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'[PIC] pulling it high'
2009\06\29@013212 by solarwind

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If I connect my 3.3 V microcontroller to my 5 V LCD module, and the
uC's output is low (TRIS = 0, PORT = 0), and the LCD pulls the line
high to 5 V, what will happen? Will the 5 V sink kill the uC?

-- [ solarwind ] -- http://solar-blogg.blogspot.com/

2009\06\29@021910 by solarwind

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On Mon, Jun 29, 2009 at 6:31 AM, solarwind<spam_OUTx.solarwind.xTakeThisOuTspamgmail.com> wrote:
> If I connect my 3.3 V microcontroller to my 5 V LCD module, and the
> uC's output is low (TRIS = 0, PORT = 0), and the LCD pulls the line
> high to 5 V, what will happen? Will the 5 V sink kill the uC?

What if I were to attach a 10K pullup to 5 V on the uC's pin? Would
that do damage? I'm still trying to get the fundamentals down.

2009\06\29@040554 by Chris McSweeny

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The uC will pull the line down to VDD +0.3V. Provided that doesn't
result in more current than the uC can sink (check the datasheet -
IIRC 20mA is the normal limit) you'll be fine. Certainly no problem
with a 10k pullup.

Chris

2009\06\29@113415 by Harold Hallikainen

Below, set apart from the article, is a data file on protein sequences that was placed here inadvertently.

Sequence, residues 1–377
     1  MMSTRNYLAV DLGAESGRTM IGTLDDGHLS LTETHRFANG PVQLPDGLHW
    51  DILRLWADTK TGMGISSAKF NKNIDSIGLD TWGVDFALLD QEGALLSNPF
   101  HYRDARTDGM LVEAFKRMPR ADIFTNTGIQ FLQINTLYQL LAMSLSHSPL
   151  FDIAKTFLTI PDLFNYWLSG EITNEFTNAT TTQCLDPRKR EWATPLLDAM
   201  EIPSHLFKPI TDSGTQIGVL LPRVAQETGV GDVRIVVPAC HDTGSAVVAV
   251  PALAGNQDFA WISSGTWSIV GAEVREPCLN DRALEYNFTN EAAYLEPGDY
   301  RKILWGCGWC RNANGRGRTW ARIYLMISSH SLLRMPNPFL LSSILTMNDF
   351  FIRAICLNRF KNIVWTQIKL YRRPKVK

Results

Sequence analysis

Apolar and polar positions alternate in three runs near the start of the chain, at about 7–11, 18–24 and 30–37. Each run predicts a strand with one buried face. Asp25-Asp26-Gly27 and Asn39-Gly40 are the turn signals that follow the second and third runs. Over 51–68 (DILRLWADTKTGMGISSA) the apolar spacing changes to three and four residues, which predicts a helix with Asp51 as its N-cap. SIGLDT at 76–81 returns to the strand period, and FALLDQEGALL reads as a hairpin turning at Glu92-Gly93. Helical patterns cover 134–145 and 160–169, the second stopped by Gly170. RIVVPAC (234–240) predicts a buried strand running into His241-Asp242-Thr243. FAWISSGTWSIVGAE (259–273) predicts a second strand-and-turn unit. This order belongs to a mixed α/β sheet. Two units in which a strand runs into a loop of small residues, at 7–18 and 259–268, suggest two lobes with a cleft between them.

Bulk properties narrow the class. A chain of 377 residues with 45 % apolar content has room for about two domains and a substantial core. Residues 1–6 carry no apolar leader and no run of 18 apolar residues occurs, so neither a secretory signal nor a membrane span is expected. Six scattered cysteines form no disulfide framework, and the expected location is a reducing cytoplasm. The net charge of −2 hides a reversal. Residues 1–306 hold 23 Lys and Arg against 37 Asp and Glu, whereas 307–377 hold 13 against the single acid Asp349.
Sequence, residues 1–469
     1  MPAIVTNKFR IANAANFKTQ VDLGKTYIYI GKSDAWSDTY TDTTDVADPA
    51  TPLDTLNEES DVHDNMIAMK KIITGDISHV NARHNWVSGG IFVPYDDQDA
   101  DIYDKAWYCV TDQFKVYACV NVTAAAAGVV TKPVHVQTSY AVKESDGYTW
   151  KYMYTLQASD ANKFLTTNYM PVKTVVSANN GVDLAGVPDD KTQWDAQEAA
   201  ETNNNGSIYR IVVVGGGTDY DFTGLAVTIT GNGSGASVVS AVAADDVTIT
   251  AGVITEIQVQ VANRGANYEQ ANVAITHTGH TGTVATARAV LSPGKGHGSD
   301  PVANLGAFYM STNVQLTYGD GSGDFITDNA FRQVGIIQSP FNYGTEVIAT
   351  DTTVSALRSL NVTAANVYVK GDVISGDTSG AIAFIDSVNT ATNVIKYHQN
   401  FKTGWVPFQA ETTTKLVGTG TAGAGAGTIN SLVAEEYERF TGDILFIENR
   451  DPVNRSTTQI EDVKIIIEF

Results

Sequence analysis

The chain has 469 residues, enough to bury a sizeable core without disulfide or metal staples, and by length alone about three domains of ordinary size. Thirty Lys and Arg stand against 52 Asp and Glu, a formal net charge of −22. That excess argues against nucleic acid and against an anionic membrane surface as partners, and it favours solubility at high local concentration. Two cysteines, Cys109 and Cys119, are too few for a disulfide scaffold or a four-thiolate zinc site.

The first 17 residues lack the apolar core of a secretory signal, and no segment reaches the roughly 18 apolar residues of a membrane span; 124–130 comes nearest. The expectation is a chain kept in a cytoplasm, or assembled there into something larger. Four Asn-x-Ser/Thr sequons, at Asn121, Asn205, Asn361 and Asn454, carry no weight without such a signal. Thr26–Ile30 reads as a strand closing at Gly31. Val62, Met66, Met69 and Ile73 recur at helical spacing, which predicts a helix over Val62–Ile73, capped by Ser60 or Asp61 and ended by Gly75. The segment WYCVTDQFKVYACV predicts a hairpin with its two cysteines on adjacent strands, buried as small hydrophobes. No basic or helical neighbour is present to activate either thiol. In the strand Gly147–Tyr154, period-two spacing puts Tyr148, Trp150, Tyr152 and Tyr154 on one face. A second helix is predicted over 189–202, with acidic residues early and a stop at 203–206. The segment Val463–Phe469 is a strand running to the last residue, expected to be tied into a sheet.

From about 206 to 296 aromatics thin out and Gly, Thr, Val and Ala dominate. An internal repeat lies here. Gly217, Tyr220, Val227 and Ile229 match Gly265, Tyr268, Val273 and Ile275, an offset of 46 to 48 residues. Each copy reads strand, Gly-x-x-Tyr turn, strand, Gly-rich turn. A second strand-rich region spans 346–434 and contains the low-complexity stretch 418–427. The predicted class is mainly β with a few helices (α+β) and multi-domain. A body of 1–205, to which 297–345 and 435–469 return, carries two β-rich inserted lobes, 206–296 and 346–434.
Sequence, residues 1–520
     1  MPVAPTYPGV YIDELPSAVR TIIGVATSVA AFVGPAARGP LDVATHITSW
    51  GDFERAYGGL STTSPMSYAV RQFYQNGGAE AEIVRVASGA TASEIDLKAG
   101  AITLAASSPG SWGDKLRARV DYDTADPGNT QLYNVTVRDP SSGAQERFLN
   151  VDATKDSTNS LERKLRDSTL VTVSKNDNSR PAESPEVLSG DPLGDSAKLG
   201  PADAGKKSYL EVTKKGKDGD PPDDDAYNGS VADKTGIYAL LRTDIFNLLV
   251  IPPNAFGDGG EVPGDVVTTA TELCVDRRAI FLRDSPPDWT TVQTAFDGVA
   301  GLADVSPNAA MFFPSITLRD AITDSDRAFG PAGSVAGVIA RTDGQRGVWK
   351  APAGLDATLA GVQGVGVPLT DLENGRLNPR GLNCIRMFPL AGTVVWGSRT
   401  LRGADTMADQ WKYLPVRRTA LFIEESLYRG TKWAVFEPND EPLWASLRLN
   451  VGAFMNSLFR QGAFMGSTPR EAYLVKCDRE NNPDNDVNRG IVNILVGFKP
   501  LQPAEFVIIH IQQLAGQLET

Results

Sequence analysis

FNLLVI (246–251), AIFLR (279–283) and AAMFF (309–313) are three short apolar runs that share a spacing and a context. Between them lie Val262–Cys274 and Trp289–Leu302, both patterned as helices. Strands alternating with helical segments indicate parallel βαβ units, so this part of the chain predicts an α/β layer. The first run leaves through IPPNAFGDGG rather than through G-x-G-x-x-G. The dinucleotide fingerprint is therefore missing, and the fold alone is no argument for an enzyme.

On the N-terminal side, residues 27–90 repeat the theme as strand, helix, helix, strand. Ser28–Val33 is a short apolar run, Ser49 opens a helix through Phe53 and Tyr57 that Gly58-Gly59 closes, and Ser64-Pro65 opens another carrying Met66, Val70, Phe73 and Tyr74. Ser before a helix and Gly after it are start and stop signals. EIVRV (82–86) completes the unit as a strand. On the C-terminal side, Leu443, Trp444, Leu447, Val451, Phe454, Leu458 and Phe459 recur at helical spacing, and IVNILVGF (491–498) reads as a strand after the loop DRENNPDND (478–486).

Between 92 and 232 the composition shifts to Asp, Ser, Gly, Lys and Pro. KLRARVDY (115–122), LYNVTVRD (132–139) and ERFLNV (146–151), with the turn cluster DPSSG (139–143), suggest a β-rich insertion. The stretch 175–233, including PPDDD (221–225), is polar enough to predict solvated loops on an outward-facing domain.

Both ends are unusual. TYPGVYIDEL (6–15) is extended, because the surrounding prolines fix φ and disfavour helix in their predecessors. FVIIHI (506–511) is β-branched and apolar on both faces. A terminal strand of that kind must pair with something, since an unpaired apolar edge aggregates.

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> If I connect my 3.3 V microcontroller to my 5 V LCD module, and the
> uC's output is low (TRIS = 0, PORT = 0), and the LCD pulls the line
> high to 5 V, what will happen? Will the 5 V sink kill the uC?
>

There are a couple issues here. First off, you're pulling an output that
is is programmed low high. This is not good for the output, but it would
probably survive due to current limiting in the chip.

The second output is pulling the pin to 5V when the chip is running on
3.3V. Most PICs have clamp diodes from the I/O pins to Vcc, so you'll
overcurrent these clamp diodes and cause problems (possibly a failed
chip). However, some PICs have 5V tolerant inputs. If that's the case, the
clamp diodes are either not there or drive a zener at a higher voltage
(not sure which). Though these pins are designed to accept 5V inputs, you
can also use them as open drain outputs to drive 5V logic (with pull-ups
to 5V) by setting TRIS to 1 instead of LAT to 1. The LAT bits always stay
at 0. When you want to output a 1, you write a 1 to TRIS, allowing the
pull-up to pull the line up. If you want a 0, you write a 0 to TRIS,
turning on the pull-down transistor in the PIC and pulling the line down.

The 24H series, as I recall, has an "open drain" bit on port configuration
that disables the pull-up transistor making this sort of operation a bit
more automatic.

Harold



--
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2009\06\29@140252 by Jan-Erik Soderholm

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>> If I connect my 3.3 V microcontroller to my 5 V LCD module, and the
>> uC's output is low (TRIS = 0, PORT = 0), and the LCD pulls the line
>> high to 5 V, what will happen? Will the 5 V sink kill the uC?
>>

How could that happen ?
If the LCD drives the lines, it must have the R/W pin high.
And in that case the PIC shouldn't drive the pins at the
same time (either low or high), of course.


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